Almost five years ago, Achyuta Adhvaryu (University of Michigan) and Anant Nyshadham (Boston College), development economists and professors, connected with Anant Ahuja, who heads organizational development at one of the biggest garment manufacturing firms in India – Shahi Exports. The three collaborated on a randomized controlled trial to evaluate the business impacts of P.A.C.E. by GAP Inc. (Personal Advancement and Career Enhancement)  – a soft skills training program for female garment workers – being implemented in Shahi factories. This experiment revealed sizeable positive impacts, and proved the potential for groundbreaking interventions in the industry and labor market that can benefit both businesses and workers. Following this work, Adhvaryu, Ahuja, and Nyshadham came together to create the Good Business Lab.

The Good Business Lab (, GBL) aims to improve the lives of low-income workers by proving that better social welfare – both inside and outside the workplace – can deliver measurable financial returns to companies. We believe that building the business case to support better conditions for workers is the most sustainable way to transform labor markets and enable all workers to live dignified lives. The work covers the journey of employment — from freeing up rural women to take up paid work and maximizing technical and supplemental work skills to improving the quality of available jobs for low-income workers.

The research experiment on P.A.C.E. concluded that the net return on investment to the firm from training their female garments workers in soft-skills was an unprecedented 256% just 9 months after program completion, which went up to 420% after accounting for positive spillovers on the factory floor. Buoyed by our results, Shahi Exports set a target of training 70,000 FGWs by 2020 in soft skills and Gap Inc. decided to reach 1 million women and girls all over the world through P.A.C.E. by 2020.

The Lab is founded on the premise that shared problems require shared solutions. Our studies have identified these pressing problems common to  firms and workers in the labor market in India, and equally relevant for most developing countries around the world, and tested solutions through rigorous gold-standard economic research. In addition to the P.A.C.E. study mentioned earlier, two other studies from the Lab to date have yielded results to incentivize businesses to invest in improved working conditions:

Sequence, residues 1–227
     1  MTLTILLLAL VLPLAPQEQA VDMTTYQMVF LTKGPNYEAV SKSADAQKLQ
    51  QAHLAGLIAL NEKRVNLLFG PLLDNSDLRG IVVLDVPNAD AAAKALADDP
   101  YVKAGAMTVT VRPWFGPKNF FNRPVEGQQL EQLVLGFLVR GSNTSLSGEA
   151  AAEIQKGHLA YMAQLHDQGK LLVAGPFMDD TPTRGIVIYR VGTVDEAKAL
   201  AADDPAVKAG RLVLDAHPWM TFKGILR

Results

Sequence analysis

1. The adoption of LED lights in place of fluorescent lighting in garment factories reduces energy consumption by roughly 85% and also produces 1/7th of the heat, reducing average indoor temperature by roughly 2.4 degree CelsiusWorker productivity rose significantly under these more comfortable working temperature, with additional profit from increased worker productivity being 5X larger than energy cost savings. Accounting for productivity gains shifts the break-even point of the investment in efficient lighting for the firm dramatically from three years to seven months.
  2. Exposure to high levels of air pollution reduces worker productivity measurably, but more attentive managers help to relieve the strain on impacted workers and are able to avoid losses to worker performance bonuses and firm profits from these air pollution induced negative productivity shocks.
  3. What further makes the Lab unique is the potential of research results to feedback into action-oriented follow-up. Most prominently, our learning from P.A.C.E. motivated us to test the impact of soft-skills training for personnel higher up in the production hierarchy than tailors: supervisors, floor-in-charges, and other upper level management on factory floors. This translated into our ongoing randomized controlled trial, which assesses the impacts of the training on changes in the overall work environment for workers (harassment and abuse), retention, attendance, and worker productivity.

Another ongoing project we are running is a randomized controlled trial to understand the impacts of the introduction of migrant employment opportunities on village economies and households’ welfare and resource sharing. This is being achieved through random placement of Rural Training Centers across 20 taluks of rural Karnataka. A first-of-its-kind, this project not only aims to utilize government opportunities to provide skilling, but also assures employment to the trained graduates and aims to track what determines their retention in the workforce. This can potentially change how skilling is viewed on a macroeconomic scale.

Access to a live testing environment also inspires us to experiment with disruptive ideas like higher wages to workers to increase engagement in the job and attachment to the firm, and structuring of shifts more optimally around women’s domestic work schedules to improve productivity, and welfare outcomes.

All stakeholders stand to be part of the solutions to the problems and challenges faced by the labor market in India and the workforce that constitutes the heart of it. We at the Good Business Lab research, experiment, and demonstrate what works, why and how. We hope to scale findings from our research by collaborating with like-minded people and firms in our pursuit of proving that worker welfare is good business.

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